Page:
Dear Nick,

first, thanks for opening this thread.
Contributing this way expands the space for many issues from various perspectives.

Nudged by Tova (greetings to you in Israel), here is my take on "twists"... those that I observe among us around the stuff that takes place before and after an actual ost-event and that characterizes my "practice". This stuff has worked on so many occasions that I can wholeheartedly recommend it. You are invited to copy it and see how it works for you. A very detailed account of this can be found in "Meine open space Praxis", with lots of pictures, alas, in German (here is the online shop of Westkreuz for stuff around OST, and the specific link to the book I mentioned)

Here a short outline of what happens before the events:

1. When I get a call from a sponsor/client (often it is a call, not so often an email), I suggest a face to face "contact meeting" with the clear message that its purpose is to allow for a decision "open space, yes or no" in his/her judgement. And, that this decision need not to be taken at the contact meeting but after everyone involved has had a couple of nights sleep. Part of the contract at this point is that there is no fee involved but that my expenses for getting to the meeting, etc. are paid for. The time for the meeting is 60 to 90 minutes.

2. At the contact meeting all those closely involved with the decision on whether they will have an OST or not come together (sometimes 3 often 5 and rarele more), without having to go to the next higher level in their organisation. Basically, I offer to take a close look on whether the prerequisites are in place to actually have an event in which the force of selforganisation can unfold. These include: Burning business issue, urgency, complexity of the challenge, diversity of particapants, level of conflict, open question (no one person has the answer), voluntary participation. Usually, it turns out that at this stage the understanding among those preent on what the "business issue" is all about is rarely "common ground"... that is, this is the first time it is actually articulated among those with, speaking traditionally, "in charge". After all of this which takes about 35 minutes, the group wants to hear something about the process, what actually happens at an OST event. If it turns out that one or more of the group have participated in one, they tell the others. (here, I hear some very interesting things about so-called os events). If asked on outcome/results, I point to the Action Planning part of os-events and that Next Meetings need to be planned before the event takes place and need to be part of the invitation to the event. At the end of the meeting I suggest that they give me a call in a few days on whether they want to go ahead (which then means organizing a 3,5 hour Planning Session with a larger, more broadly representative group)... and have a 3 minute "How was this contact meeting" feedback session that focuses on the time just spent together. I have had plenty of "lets go ahead" and plenty of "no goes"... and often had calls a year or even later from "no goes", with a new request. My take on this is, that not giving the mearest impression on "selling" them on OST has something to do with this.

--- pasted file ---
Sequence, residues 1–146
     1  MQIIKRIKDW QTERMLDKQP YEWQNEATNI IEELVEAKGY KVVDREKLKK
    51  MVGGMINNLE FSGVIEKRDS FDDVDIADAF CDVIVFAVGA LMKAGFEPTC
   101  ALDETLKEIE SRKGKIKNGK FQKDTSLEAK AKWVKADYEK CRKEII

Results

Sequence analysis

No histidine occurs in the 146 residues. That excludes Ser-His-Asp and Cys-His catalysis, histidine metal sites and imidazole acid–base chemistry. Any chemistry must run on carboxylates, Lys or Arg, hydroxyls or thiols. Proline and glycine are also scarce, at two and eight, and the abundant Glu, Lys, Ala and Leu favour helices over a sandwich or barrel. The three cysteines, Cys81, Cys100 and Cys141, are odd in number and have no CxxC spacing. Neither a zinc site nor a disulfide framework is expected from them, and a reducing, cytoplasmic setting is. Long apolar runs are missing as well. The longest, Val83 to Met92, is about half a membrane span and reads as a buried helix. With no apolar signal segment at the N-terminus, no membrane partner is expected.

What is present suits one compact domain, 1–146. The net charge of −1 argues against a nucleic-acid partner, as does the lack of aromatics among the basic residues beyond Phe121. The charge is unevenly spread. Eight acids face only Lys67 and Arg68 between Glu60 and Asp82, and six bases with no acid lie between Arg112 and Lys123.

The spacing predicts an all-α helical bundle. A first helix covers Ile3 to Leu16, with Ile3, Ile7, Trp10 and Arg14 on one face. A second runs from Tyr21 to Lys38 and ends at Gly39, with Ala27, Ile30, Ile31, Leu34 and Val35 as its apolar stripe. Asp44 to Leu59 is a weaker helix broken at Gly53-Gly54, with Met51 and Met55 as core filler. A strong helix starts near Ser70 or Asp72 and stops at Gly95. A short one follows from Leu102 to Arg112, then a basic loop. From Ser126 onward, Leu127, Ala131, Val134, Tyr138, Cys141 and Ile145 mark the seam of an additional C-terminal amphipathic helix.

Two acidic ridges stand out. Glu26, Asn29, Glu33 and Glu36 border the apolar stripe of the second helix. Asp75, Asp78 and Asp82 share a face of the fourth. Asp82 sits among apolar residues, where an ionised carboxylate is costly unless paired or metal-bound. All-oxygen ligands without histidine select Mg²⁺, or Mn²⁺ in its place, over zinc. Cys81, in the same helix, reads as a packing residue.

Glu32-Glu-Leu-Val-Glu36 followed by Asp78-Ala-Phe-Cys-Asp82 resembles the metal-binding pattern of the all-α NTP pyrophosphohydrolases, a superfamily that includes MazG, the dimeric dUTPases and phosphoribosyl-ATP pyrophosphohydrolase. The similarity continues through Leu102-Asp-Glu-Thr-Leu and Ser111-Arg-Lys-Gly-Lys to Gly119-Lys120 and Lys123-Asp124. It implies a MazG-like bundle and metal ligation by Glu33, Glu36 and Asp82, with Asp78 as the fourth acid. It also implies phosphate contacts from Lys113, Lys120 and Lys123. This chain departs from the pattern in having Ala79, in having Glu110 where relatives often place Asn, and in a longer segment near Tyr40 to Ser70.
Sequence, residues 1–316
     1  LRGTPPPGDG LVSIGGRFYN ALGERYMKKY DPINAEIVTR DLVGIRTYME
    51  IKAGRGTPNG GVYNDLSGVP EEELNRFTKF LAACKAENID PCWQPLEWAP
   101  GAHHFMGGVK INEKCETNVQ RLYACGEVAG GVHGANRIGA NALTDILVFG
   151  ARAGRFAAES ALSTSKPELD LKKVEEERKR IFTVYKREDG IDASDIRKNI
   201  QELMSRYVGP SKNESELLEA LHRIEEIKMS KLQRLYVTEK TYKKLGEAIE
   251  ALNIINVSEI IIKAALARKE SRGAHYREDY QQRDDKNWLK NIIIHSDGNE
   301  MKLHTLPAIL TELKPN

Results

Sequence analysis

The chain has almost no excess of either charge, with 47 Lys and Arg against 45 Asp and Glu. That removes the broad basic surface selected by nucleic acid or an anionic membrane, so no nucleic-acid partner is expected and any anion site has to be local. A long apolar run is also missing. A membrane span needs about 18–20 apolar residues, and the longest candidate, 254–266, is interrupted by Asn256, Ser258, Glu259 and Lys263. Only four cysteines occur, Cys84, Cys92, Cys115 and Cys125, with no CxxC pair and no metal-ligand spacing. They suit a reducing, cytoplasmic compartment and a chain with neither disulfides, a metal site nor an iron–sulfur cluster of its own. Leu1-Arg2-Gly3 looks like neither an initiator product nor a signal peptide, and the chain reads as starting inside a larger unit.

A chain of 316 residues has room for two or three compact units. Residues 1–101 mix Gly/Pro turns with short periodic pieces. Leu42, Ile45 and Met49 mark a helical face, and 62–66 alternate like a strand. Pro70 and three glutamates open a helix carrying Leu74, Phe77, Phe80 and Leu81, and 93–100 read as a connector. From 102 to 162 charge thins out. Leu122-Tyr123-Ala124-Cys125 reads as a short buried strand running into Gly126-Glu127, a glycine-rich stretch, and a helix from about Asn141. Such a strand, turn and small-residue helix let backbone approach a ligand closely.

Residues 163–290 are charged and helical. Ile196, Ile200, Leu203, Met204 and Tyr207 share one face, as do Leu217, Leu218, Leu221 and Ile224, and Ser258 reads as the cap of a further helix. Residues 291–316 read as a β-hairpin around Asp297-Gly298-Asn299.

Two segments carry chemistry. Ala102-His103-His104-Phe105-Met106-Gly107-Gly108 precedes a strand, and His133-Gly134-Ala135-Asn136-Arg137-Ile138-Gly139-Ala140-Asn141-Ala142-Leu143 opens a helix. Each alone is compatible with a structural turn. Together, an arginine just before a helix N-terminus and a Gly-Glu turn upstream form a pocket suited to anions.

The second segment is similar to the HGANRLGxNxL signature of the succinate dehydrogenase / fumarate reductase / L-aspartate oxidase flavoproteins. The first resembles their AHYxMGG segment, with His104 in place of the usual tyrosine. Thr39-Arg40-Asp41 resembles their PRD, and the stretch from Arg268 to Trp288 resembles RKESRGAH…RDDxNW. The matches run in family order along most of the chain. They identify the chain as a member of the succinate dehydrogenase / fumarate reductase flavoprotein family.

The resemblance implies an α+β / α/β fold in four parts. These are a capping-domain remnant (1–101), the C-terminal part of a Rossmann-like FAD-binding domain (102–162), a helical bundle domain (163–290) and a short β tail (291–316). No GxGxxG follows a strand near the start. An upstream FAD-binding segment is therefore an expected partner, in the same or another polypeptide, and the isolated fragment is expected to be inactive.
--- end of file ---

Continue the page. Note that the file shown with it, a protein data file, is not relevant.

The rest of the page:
3. At the Planning Meeting, which in my experience has 6 and up to 30 participants (it always takes 3,5 hours, regardless of number of participants) including those that were present at the contact meeting, the agenda allows for:

A) A Break at the beginning
B) Opening Circle, with a very short introduction of each participant (My name is..., I works as..., Now, I am here, to...) (sitting in a circle) C) Presentation of the schedule and agreement on it (sitting in a half circle with access to the working surfaces on the open side of the half circle) D) Creating a mind-map on what is expected on the day after the OST event (the group produces this mind map) E) Creating the "Theme" (individually, in very small groups, in the whole group) F) Creating a list of who all need to be at the OST event so that the expectations observed in the mind map under the "Theme" that was just formulated, can actually be met G) Agreement on what needs to be done and who does it in preperation of the event (invitation, venue, documentation at the event, catering, etc.), including deciding on the date of the event (if not set already) and the date of the first "Next Meeting" after the event.
H) Closing Circle (sitting in a circle again).

The Planning Meeting gets results involving everyone in such a way that no further planning meetings are needed (in rare cases, follow up planning meetings are needed before the event; for the 2108 participant event in W├╝rzburg, we had 3 additional meetings for coordination, etc.)

As it turned out the main effect of the Planning Meeting was that the participants became a "group" of folks very actively supporting and promoting the event in their system (school, business, parish, neighborhood, network, etc) and expressing that they now see what open space is all about... even though the Planning Meeting was not an OST-open space but had a given structure (often adjusted in the actual Planning Meeting process).

In this whole process, to take up on Tova's note, language and stance and spirit need to be congruent with open space, including the art "to say no if you want yes to mean something" (Weisbord/Janoff: Don't Just Do Something, Stand There!, page 163).

Greetings from a sunny early spring day in Berlin with bees buzzing and butterflies presenting their beauty

PS: You are invited to include yourself in the Open Space World Map, so that I (and the rest of the world) can "see" you next time I write to you (see details in the signature below).

Michael M Pannwitz
Draisweg 1, 12209 Berlin, Germany
++49 - 30-772 8000

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